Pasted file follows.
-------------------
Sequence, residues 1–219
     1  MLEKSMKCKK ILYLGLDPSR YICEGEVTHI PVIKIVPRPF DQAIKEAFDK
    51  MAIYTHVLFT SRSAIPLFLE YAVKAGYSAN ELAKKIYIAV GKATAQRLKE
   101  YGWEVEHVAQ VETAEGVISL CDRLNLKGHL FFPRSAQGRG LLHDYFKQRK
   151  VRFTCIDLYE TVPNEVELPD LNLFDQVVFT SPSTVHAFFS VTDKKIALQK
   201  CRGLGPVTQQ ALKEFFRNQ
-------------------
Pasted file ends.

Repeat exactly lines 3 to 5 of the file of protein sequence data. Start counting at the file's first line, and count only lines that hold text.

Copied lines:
    51  MAIYTHVLFT SRSAIPLFLE YAVKAGYSAN ELAKKIYIAV GKATAQRLKE
   101  YGWEVEHVAQ VETAEGVISL CDRLNLKGHL FFPRSAQGRG LLHDYFKQRK
   151  VRFTCIDLYE TVPNEVELPD LNLFDQVVFT SPSTVHAFFS VTDKKIALQK